Philippines (BTCF)- The following report summarizes Buddhist Tzu Chi Foundation (BTCF) relief actions in the Philippines from 14 to 28 April.
On April 15, there were a total of 5,223 confirmed cases and 335 deaths of COVID-19 in the Philippines, forcing regions to initiate and/or prolong their lockdown protocols. These lockdowns are acutely felt by our vulnerable communities as they struggled with job uncertainty and food insecurity. Local businesses closed down with some families losing income. Precarious housing situations had also affected residents’ ability to adhere to social distancing and hygiene recommendations, causing health issues, stress and anxiety.
Buddhist Tzu Chi Foundation (BTCF) Philippines has been continuously supporting local vulnerable communities in Manila, Ormoc, Tacloban, Bohol Island and more. Having formed good relationships with these communities over the years, BTCF quickly initiated a COVID-19 rice distribution programme with aims to provide short-term food relief, personal hygiene education and emotional support. BTCF also worked with hospitals to provide personal protective equipment (PPE) for medical personnels and, in partnership with a local Catholic church, supported hospital staff with temporary accommodations.
Summary of Actions Taken From 14 to 28 April
1. Fire relief distribution in Delpan Street and Happyland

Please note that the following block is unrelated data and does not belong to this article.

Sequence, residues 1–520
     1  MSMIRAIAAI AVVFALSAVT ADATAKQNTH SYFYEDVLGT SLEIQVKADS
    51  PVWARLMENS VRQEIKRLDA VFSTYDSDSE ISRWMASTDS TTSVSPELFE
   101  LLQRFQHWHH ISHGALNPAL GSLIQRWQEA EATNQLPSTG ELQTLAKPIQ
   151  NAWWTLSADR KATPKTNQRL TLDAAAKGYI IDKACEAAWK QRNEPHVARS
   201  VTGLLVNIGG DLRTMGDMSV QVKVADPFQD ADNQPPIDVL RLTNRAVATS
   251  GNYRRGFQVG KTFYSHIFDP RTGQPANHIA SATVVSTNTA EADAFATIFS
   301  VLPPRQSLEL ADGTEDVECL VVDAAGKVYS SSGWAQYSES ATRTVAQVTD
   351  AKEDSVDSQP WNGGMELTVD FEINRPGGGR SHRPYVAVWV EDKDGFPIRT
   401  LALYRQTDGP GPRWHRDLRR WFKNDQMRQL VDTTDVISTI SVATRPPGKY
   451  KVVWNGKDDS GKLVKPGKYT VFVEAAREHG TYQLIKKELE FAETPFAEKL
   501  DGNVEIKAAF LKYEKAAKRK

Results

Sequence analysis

- A total of 1,040 families received aid: Delpan (309) and Happyland (1,031)
- Aid relief include: 10kg bag of rice, soy sauce, vinegar, pot, 4 plates, 6 cutlery sets, 4 cups, a sleeping mat, blanket, 2 soaps, 2 face cloths, 1 bag of second-hand clothing and 5 cloth masks
2. COVID-19 Relief Rice Distribution
- A total of over 21,7000 bags of 25 kgs rice was donated with 581 Tzu Chi volunteers, 205 military personnels, 63 police personnels, 293 local government volunteers and 157 local volunteers assisting with the distributions.
3. Medical Supplies Donation
- Donation of 28,900 surgical masks, 18,730 N95 masks, 6 gallons of cleaning alcohol, 13,500 gloves, 3,252 coveralls, 8,600 isolation gowns, 2,500 isolation caps, 1,850 shoe covers, 580 goggles, 5 thermometers, 50 face shields, 260 Jing Si Multi-purpose folding beds, 200 eco-blankets, 100 towelettes, 24 blood packs and 20 HIV kits were made to 30 hospitals: